To celebrate National Dog Day, we teamed up with the Department of Transport to demonstrate how to correctly restrain and protect animals when travelling. We were thrilled to welcome 9News’ Emily Rice to the North Melbourne Hospital and hear the thoughts on pooch safety from our CEO Jen Fleming and Head Veterinarian Dr Andrew Kapsis. Project Coordinator Lee Thomas and Business Transformation Manger Melissa Lee made their news debut, but it was undoubtedly their camera-ready canines who stole the show! You can see the full story here.
Over the last three years, more Victorians than ever have welcomed a dog into their home, so it makes sense that more pooches will be in cars, heading to the shops or away on holiday. It’s important for not only the safety of the dog, but for the safety of the people travelling with them that they are restrained properly. An unrestrained animal can become a projectile, potentially injuring themselves and others in the vehicle.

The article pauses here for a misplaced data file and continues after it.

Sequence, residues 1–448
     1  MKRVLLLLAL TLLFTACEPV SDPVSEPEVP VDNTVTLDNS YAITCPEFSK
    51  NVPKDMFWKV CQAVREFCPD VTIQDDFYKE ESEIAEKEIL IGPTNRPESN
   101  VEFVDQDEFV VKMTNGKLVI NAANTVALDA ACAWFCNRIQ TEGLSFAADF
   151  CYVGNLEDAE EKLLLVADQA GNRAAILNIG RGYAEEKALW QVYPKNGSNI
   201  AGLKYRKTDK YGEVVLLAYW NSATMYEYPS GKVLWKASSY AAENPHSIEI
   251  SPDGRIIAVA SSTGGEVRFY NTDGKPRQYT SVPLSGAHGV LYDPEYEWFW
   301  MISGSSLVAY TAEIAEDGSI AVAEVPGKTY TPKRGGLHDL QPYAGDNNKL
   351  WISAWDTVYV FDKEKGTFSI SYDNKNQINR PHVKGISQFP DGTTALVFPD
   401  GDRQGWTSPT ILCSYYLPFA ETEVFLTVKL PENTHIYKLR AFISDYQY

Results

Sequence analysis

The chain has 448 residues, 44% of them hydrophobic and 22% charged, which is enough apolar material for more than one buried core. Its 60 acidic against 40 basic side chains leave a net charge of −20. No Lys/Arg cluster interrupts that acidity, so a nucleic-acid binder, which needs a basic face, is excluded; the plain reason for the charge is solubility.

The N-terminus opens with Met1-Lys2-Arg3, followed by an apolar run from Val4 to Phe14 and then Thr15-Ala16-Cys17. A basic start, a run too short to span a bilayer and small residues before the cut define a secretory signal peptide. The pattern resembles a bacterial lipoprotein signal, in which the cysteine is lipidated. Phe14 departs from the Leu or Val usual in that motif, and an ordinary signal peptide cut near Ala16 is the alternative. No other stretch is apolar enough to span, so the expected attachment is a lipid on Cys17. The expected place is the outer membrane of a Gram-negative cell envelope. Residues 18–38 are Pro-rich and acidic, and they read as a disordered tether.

“We encourage pet owners to buy the specific restraints that plug into the back seat of cars and avoid letting dogs travel with their head out of the window. Too often we see serious injuries in the emergency department as a result of dogs falling from a moving car” says Andrew Kapsis.
While there are no specific road rules regarding securing animals in a vehicle, The Prevention of Cruelty to Animals (POCTA) Act includes several mandatory requirements for traveling with dogs in or on a vehicle. It is illegal to transport a dog if it is not appropriately tethered or caged on back of ute or trailer.
“Unless you’re working with livestock on the farm, don’t put your dog on the back of a ute. If the dog does fall from the vehicle, it can be dragged or strangled” says Dr Andrew.
When it comes to public transport, your pet won’t need to swipe on or off with pets travelling for free on all public transport services. Dogs can travel with you on the train, as long as they’re on a lead and wearing a muzzle.